As this blog has noted, the main issue holding up a comprehensive immigration reform bill is not legalizing immigrants or border security, but whether it will include a guest worker program. The Chamber of Commerce wants it, the AFL-CIO doesn’t and without both of them on board a deal could fall apart.
In a press release issued this afternoon, Sen. Jeff Session, R-Ala., came out on the side of Big Labor and attacked the idea of a guest worker program. He said:
The last time Congress considered a comprehensive immigration bill, unemployment was 5 percent. Today, it’s nearly 8 percent. 40 percent of those unemployed have been out of work for six months or longer. The labor force participation rate is at a thirty-year low. The unemployment rate for teenagers is 25.1 percent. Wages are stagnant. Never before have more Americans been on food stamps and other forms of welfare. Yet all we hear from those interests pushing for a comprehensive immigration bill is that we have a labor shortage and need to import more low-skill workers. An expanded guest worker program will not benefit unemployed American and legal workers. We should be trying to help unemployed Americans find good jobs, not importing cheap labor to take these jobs. …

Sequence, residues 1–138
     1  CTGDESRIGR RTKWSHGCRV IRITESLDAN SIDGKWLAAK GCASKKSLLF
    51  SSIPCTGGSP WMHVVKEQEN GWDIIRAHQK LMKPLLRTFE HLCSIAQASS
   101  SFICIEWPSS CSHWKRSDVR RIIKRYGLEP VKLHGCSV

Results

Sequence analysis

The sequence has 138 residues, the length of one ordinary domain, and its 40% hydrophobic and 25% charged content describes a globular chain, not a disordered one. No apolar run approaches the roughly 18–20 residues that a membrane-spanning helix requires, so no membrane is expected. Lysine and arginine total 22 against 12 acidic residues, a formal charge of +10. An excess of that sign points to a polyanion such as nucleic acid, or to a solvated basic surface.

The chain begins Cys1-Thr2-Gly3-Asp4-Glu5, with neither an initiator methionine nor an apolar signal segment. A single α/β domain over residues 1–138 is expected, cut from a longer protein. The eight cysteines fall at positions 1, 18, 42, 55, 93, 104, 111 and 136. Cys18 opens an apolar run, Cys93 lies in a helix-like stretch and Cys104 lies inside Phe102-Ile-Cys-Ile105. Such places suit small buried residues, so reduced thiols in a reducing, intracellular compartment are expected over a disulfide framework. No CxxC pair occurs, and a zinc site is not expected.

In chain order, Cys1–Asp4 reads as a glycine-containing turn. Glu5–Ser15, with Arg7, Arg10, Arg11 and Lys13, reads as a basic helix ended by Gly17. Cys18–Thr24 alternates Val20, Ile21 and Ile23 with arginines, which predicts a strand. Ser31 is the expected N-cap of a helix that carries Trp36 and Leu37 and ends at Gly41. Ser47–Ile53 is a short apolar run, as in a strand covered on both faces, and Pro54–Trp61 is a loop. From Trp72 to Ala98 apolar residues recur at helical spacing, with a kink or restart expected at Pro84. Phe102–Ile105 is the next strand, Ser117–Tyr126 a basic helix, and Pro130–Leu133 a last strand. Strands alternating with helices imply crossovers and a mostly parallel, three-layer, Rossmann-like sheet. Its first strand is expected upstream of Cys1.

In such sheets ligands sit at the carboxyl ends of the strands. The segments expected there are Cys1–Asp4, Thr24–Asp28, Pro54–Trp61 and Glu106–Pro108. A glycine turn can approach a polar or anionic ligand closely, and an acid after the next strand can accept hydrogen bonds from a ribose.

Every American worker, union and non-union, is right to be concerned about a large guest worker program combined with a large amnesty of illegal workers. There is no doubt that such a plan will reduce Americans’ wages and job prospects.
Sessions, incidentally is not known as much of a union booster. Alabama has a unionization rate of 9.2 percent, below the national average of 11.3 percent. Only 5.7 percent of the state’s private sector workforce is unionized.
He is, however, a staunch critic of immigration. So it is perhaps best to view his comments in that light.